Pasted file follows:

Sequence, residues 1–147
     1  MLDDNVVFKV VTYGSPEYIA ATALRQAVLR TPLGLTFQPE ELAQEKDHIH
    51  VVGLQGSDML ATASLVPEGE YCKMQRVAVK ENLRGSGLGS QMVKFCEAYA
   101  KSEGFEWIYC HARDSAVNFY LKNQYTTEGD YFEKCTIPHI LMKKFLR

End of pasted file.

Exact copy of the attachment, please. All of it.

Sequence, residues 1–147
     1  MLDDNVVFKV VTYGSPEYIA ATALRQAVLR TPLGLTFQPE ELAQEKDHIH
    51  VVGLQGSDML ATASLVPEGE YCKMQRVAVK ENLRGSGLGS QMVKFCEAYA
   101  KSEGFEWIYC HARDSAVNFY LKNQYTTEGD YFEKCTIPHI LMKKFLR